Ten Rules for Press from 20 years ago

I did the new eight rules because I couldn’t find my old ten rules — they’re essentially the same because the underlying truth (keep your mouth shut unless you know what you are saying) remains constant. Still for those who prefer an aged version, here are the Old Ten once known as Words of Wisdom.

Boucher_Ten_Rules_for_Talking

Credit to Caitlin for finding these first but she’s not the only one.

Eight Rules for Talking to the Press

EightRulesforthePress  (PDF version)

I’m at University of Michigan for a semester, teaching as Towsley Foundation Policymaker in Residence, and was invited to speak to a workshop on talking to the Press.  I wrote up Eight Rules, based on a paper of ten rules I did twenty years ago when Mike McCurry took over the podium at the State Department. I couldn’t find the original so I put together an updated version below (the first comment is that you don’t need ten rules to fill out the space; say what you need to say and then stop):   

Ten Eight Rules for Speaking to the Press

1 70% Looks,20% Sound,

10% Content

➢     Comb your hair➢     Talk slowly

➢     Watch yourself with the sound off.

➢     Don’t mumble; speak on a good connection.

➢     Free your hands; lift your chin; look at the camera, lean forward.

2 Think with your mouth shut. ➢     Stop saying…Uh, well, So, OK.➢     Pause and think.

➢     Silence (in small doses) makes you look thoughtful.

➢     Finish sentences with your mouth closed.

3 Know who you are (The Simba Rule) ➢     Only say what you know you know.➢     Do your homework.  Study, rehearse.

➢     Know your main points and make sure you make them.

➢     Practice a sound-bite — 9 seconds (about a Tweet).

➢     If an answer is more than 40 seconds, it better be good.

➢     Anticipate questions.  You can probably figure out 70%.

4 They will write the story. ➢     Tell a story, not just facts.  Use examples.  What happened, why, how and what it means.➢     Do you want to be in the story or not?

➢     Can you help the reporter get it right?  Even if you don’t have a point of view, don’t end up fixing errors tomorrow.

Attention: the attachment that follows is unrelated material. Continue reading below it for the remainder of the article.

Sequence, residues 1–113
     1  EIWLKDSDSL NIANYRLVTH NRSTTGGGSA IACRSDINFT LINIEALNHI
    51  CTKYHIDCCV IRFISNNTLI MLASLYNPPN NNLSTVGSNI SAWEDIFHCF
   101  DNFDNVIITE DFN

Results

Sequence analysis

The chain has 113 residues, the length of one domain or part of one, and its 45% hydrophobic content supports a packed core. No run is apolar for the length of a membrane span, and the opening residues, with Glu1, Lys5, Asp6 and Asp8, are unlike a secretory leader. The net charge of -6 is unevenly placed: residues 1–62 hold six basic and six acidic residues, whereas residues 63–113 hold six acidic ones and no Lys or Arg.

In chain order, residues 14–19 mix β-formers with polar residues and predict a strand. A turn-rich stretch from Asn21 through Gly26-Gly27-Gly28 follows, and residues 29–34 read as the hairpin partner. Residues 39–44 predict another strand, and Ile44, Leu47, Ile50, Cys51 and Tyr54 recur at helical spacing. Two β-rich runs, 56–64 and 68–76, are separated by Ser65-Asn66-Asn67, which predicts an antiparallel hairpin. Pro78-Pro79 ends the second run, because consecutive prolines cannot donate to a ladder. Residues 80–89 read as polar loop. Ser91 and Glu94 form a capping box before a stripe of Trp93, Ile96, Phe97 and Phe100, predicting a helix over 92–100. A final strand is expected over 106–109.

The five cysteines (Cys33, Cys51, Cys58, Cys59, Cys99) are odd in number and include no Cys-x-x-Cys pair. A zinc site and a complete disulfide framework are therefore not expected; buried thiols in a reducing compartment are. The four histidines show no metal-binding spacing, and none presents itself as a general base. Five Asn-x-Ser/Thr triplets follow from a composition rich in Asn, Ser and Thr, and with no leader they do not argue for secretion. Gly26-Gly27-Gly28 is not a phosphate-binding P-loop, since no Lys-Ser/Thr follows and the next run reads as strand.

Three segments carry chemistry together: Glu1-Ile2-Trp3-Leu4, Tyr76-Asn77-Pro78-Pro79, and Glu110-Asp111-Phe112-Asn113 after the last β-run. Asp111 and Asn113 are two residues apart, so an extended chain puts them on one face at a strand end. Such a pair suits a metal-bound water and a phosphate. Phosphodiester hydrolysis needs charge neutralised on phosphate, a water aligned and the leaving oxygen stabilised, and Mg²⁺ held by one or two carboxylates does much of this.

➢     Treat their questions with respect; they get the last word.

5 Make the rules clear. ➢     On camera, on-the-record, background, off-the-record.➢     Live?  Taped?  In its entirety?  Right to approve quotes?

➢     You state the rules:  “We’re on background here, right?”

➢     The more up front you are, the more credible you are.

6 Talk to your mother. ➢     Small words, big thoughts.➢     If your mom understands, others will too.

➢     If you can’t convince her, you won’t convince anyone.

➢     She’ll be excited to see you on TV.

7 Always tell the truth ➢     Everything can be searched and checked –forever.➢     You don’t have to tell all the truth, but everything you say must be true and not designed to mislead.

➢     Admit mistakes.  Make the story about how you are fixing the problem, not about the problem.

8 Talk to the crisis ➢     First reports are always wrong!  Don’t forget this!  Ever!➢     Keep cool, your first job is to build confidence.

➢     Use action verbs:   “We’re investigating.”  “We’re contacting” “We’re examining” “We’re preparing”  “We’re searching” Not:  “We’re waiting for more information.”

Perhaps some of this might be useful for future spokespersons or those thrust forward in a crisis.